Auctions, DIY and R120,000 in crypto. Here’s how a KZN couple funded their dream cafe.

Robert Wallbridge and Paige Howland (Facebook)

  • A young couple from KwaZulu-Natal have documented the journey to opening their country farm cafe on social media.
  • It cost them almost R350,000 to start the business. They used money from their personal savings, a personal loan and R120,000 worth of crypto investments
  • They capitalized on auctions and ways to save money and cut costs.
  • For more stories, visit www.BusinessInsider.co.za

It took Paige Howland and Robert Wallbridge just four months and around R350,000 to bring their dream café to life.

What would have been a vegetable grocer quickly became the Renishaw Café, a cozy establishment inspired by a country farmhouse in Scottburgh, on the south coast of KwaZulu-Natal.

The idea to start their own café came about after several visits to Wallbridge’s mother, who lives in Renishaw Village, Scottburgh retirement village. During these visits, they realized there was no place they could all go for a cup of coffee and a piece of cake.

Shortly after moving to the South Coast for work, the two began drafting their business plan for the store in November 2021. With limited experience in the hospitality industry, the couple managed a tea party before the official opening and began trading on March 27.

cafe, business, entrepreneur, renishaw

They celebrated the cafe’s opening with a buffet. (Facebook)

Wallbridge, 22, a former barista, and Howland, 23, a former waitress, had one goal: to create a time capsule that would take their customers back in time. The cafe is located in a country house, on what used to be the estate’s rum distillery and sugar mill, and they wanted visitors to feel like they’re back in those days.

cafe, business, entrepreneur, renishaw

Every day, the café unveils a “cake of the day”. Their recent cakes have been granadilla and vanilla; pinacolato and cake with raspberries and elderflowers. (Instagram)

cafe, business, entrepreneur, renishaw

That’s how they did…

Shop financing

Wallbridge, an accounting student, is also a junior accountant at Renishaw Village. He took on the role of managing the finances of their little haven.

Thanks to their keen interest in investing, the couple used R120,000 in crypto investments for the business. “We also had personal savings of around R70,000 which we invested in coffee,” Howland said. She added that they had requested additional financial assistance to complete the finishing touches for the store.

Howland has resigned from his position as a mental health practitioner and works at the cafe full time. The most difficult aspect of financing the business, she says, was the small costs that piled up and weren’t accounted for.

Although the couple sat down and wrote a tight business plan, they encountered minor setbacks along the way: “To be honest, there were a lot of costs that we didn’t consider and which have really eaten away at our budget,” she added.

To cut costs, the couple prioritized certain projects over others, which meant cutting the interior design budget.

cafe, business, entrepreneur, renishaw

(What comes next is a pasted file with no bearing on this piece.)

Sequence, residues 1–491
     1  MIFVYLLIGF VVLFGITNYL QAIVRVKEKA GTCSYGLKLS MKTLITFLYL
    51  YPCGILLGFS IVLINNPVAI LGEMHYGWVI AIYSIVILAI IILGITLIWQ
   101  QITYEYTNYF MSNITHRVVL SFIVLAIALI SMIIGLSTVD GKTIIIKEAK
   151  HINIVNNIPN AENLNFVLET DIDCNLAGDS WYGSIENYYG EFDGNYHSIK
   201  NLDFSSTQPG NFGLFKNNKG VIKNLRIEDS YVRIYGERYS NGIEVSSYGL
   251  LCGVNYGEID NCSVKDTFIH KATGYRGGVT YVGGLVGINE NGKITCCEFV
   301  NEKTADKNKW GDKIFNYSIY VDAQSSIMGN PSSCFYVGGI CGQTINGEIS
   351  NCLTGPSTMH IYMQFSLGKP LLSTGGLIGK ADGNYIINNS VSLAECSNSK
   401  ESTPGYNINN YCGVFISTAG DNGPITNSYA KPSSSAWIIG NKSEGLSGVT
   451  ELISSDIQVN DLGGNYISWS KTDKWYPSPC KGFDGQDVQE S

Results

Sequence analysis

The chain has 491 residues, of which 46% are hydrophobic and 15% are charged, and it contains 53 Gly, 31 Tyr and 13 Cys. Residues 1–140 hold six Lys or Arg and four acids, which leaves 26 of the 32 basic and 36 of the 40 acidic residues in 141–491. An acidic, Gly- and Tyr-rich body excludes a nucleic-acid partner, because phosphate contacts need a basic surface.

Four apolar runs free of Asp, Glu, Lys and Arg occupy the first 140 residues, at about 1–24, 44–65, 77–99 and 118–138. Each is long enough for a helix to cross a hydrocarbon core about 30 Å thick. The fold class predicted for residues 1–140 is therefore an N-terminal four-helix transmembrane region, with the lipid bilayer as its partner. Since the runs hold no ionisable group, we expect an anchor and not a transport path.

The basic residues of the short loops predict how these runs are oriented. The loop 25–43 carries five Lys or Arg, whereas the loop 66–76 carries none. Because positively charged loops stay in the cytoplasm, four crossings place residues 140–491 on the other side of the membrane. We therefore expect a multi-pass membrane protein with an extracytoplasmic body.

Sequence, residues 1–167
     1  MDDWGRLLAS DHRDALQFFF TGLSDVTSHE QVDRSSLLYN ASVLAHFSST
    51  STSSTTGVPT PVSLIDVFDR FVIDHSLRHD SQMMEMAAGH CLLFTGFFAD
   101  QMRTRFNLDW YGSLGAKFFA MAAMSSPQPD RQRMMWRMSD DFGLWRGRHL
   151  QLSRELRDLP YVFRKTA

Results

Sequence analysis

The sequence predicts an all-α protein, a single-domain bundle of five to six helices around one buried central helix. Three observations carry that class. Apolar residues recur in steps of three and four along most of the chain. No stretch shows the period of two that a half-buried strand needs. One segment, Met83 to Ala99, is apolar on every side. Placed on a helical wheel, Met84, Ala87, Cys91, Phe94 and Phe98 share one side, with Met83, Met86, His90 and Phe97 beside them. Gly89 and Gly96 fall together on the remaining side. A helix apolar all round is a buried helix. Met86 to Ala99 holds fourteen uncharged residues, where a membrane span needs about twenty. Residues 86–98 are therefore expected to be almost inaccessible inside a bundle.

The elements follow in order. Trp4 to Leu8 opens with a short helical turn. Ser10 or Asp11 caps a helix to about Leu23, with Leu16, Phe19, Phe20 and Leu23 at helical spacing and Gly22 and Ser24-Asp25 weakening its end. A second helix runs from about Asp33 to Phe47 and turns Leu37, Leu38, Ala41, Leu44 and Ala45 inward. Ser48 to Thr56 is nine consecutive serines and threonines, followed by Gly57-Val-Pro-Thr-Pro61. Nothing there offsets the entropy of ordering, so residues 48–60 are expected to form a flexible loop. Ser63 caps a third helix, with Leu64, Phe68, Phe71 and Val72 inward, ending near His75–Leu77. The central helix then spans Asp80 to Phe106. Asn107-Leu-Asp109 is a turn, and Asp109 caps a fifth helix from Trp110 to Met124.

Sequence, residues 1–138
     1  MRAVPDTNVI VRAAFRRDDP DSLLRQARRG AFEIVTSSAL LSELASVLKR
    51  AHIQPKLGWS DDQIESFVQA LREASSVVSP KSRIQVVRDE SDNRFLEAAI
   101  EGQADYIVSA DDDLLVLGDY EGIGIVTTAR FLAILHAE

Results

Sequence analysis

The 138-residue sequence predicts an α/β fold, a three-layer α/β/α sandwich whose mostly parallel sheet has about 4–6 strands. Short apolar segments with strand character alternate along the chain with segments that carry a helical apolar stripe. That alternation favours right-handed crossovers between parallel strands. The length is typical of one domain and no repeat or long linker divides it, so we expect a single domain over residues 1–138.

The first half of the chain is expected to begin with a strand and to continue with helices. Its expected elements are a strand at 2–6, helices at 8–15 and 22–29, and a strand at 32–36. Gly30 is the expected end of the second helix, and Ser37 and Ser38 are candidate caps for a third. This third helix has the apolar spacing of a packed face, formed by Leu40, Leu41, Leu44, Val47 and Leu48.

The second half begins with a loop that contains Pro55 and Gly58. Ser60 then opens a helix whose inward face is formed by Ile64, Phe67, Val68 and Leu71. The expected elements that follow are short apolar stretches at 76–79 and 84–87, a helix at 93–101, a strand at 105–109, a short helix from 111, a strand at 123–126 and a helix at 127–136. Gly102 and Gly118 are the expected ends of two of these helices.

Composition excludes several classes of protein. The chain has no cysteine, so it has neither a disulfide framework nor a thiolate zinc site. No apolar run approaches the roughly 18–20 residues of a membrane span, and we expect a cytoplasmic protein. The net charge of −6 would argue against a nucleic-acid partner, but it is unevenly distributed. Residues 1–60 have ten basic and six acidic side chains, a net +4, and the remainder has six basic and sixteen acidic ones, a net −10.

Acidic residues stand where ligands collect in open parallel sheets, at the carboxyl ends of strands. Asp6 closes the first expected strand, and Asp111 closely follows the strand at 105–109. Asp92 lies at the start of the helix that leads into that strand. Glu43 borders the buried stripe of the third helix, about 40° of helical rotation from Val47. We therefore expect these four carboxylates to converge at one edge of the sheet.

Among their projects was the acquisition of an Italina pizza oven.

As the creator of both, Howland’s passion lies in many things, but her first love, you might say, is interior design. She hopes that one day they can fulfill another dream of turning one of the old houses in the village into a guesthouse and establishing their vegetarian grocery store in the cafe.

cafe, business, entrepreneur, renishaw

The cafe’s interior design of rustic wallpaper, steel pipes and wooden furniture adopts an industrial theme commemorating the village’s history

Watercolors of beetles hang in the shop painted by Paige…

…as well as their must-have DIY chandelier, sanded and painted white, which shimmers on the ceiling.

“It was very important to us to put our blood, sweat and tears into this coffeeshop in order to save as much as possible,” the couple said.

They took an old window frame and turned it into the store’s menu board that now displays their menu curated by their chef and sous chef.

They managed to save thousands of dollars on their furniture because they designed and made the tables themselves. They also cut costs by researching used sets and buying at auctions.

Being a good negotiator came in handy in making sure they had enough cash on hand. Instead of paying contractors in full, they negotiated to split payments over two months, ensuring they had enough money to pay all of their contractors.

In addition to finding innovative ways to cut costs, they knew they had to consider loss and waste in their development phase. Some costs have been factored in, like trying out their new recipes.

It is virtually impossible to start an establishment without taking losses into account, they say. Every morning it costs the shop R30.00 worth of coffee and milk – this is only to test the coffee machine and make sure it is working on all cylinders before serving customers. “It’s important to know where you’re losing money and monitor those costs to make sure your loss is covered elsewhere,” they said.

Within the first week of their opening, the cafe was fully booked largely thanks to the community who marketed their business through word of mouth.

“We were very grateful to have a space like no other, so people were excited to try something new,” Howland said.

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